This article describes the basics of Cash Flow Forecast in a practical way. After reading you will understand the basics of this powerful financial management tool.
What is a Cash Flow Forecast?
It has been said that to govern means to foresee. The Cash Flow Forecast is an essential tool for anticipating the surplus or future cash needs of a business. It’s a key aspect of financial management to avoid a lack of liquidities or, conversely, to avoid having huge amounts of idle cash.
How to draw up a Cash Flow Forecast?
First of all, the historical accounts of year t, namely the balance sheet and the P & L accounts (Profit and Loss) must be available. Then you have to set up forecast accounts (balance sheet + P & L) for year t + 1. After that, you only have to go through five calculation steps:
1. Calculating the forecast operating cash flow
The estimated operating cash flow is calculated by adding to the forecasted net result (profit or loss) the undisbursed expenses and subtracting the non-cashed revenues.
Undisbursed expenses are depreciations, provisions and prepaid expenses. Non-cash income includes unrealized capital gains, reversals of depreciation, reversals of provisions and deferred income.
2. Calculating the forecasted change in working capital requirements
Receivables and inventories are locking in cash. This explains why their movements upwards or downwards have a negative or positive impact on cash flow. This is also why a growing business (and hence rising turnover and receivables) requires additional working capital funding. Commercial, fiscal and social debts represent a resource for the company. That is why their upward or downward movements will have a favourable or unfavourable impact on liquidity.
Some examples to illustrate:
The forecast change in the item “customer” (receivables at time t + 1 – receivables at time t)
If an increase in receivables is expected in t + 1 (for example, as a result of the expected increase in turnover), the change to be taken into account will have a negative impact on cash flow.
The forecast change in “inventories” (inventories at time t + 1 – stock at time t)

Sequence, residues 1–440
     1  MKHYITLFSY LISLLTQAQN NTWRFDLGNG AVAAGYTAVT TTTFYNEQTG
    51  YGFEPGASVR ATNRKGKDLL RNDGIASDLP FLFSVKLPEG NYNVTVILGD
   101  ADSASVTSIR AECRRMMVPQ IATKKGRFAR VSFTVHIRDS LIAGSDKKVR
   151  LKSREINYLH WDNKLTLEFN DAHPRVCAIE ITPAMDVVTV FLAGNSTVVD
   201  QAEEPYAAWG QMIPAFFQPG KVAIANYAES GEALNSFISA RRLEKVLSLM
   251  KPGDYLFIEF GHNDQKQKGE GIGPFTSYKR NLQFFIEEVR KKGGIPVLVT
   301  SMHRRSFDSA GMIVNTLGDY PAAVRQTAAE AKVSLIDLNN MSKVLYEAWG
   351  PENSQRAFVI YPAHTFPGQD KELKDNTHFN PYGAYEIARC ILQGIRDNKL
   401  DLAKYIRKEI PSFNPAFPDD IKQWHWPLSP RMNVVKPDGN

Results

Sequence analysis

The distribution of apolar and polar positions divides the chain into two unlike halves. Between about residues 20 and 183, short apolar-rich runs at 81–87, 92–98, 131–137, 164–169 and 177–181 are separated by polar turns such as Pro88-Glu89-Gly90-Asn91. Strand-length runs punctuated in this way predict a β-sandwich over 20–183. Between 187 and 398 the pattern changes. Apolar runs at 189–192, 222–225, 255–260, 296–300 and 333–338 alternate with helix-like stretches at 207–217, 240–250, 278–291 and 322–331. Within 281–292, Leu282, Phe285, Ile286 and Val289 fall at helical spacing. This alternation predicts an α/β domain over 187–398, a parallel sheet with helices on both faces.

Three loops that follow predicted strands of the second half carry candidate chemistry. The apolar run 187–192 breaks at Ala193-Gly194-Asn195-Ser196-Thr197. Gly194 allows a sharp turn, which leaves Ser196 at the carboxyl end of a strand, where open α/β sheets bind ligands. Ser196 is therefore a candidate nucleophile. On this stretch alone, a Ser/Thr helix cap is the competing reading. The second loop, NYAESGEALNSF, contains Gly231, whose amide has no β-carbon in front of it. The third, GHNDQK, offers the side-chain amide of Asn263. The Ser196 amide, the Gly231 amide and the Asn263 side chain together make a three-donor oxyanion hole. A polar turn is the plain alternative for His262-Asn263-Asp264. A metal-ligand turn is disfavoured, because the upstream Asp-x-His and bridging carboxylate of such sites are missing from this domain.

If “inventories” are assumed to increase in t + 1 (for example, more sales are planned, then more or more are bought), the variation to be taken into account will have a negative impact on cash flow.
The forecast change in “suppliers” (debts at time t + 1 – debts at time t)
If commercial debts are expected to decline (for example, suppliers require faster payment terms), their variation will have an unfavorable impact on the company’s liquidity.
The change in tax and social security debts (debts at time t + 1 – debts at time t)
If the forecasted tax and social security liabilities increase, their variation will have a positive influence on cash flow.
3. Taking into account investments and disvestments
Investing in new assets, on own funds, will result in a decrease in cash. While the sale of assets (disinvestment) will increase cash.
4. Consider changes in capital, current accounts and changes in financial liabilities
The positive change in the company’s capital, the shareholders’ current accounts (on the liabilities side of the balance sheet) and the increase in financial debts will have a positive impact on cash flow.
5. Calculating the free Cash Flow Forecast
Free cash flow in t + 1 is obtained by adding the current liquidity at time t to the forecast cash flow at time t + 1.
If positive, cash in t + 1 will be in excess. If, on the other hand, the sum gives a negative amount, we will face a cash requirement in t + 1.
The Cash Flow Forecast is an important tool to manage properly the cash of any organisation or small business.
Whether to demonstrate its repayment capacity to its banker, to convince an investor or to make management decisions such as investing or hiring, the cash flow chart is a must.
The Cash Flow Forecast could be also useful to estimate the value of a start-up or an asset, thanks to the “discounted cash flows method”.
With this method, all cash flows are estimated and discounted by using cost of capital to calculate their present value.
It’s Your Turn
What do you think? Do you recognize the practical explanation about the Cash Flow Forecast or do you have more additions? What are your success factors for the good cash flow forecast set up?
Share your experience and knowledge in the comments box below.
- ACCA (2017). Example of a cashflow. Available at http://www.accaglobal.com/uk/en/business-finance/business-plans/example-cashflow.html
- Fight, A. (2005). Cash Flow Forecasting (Essential Capital Markets). Butterworth-Heinemann.
- Jury, T. (2012). Cash flow analysis and forecasting: the definitive guide to understanding and using published cash flow data (Vol. 653). John Wiley & Sons.
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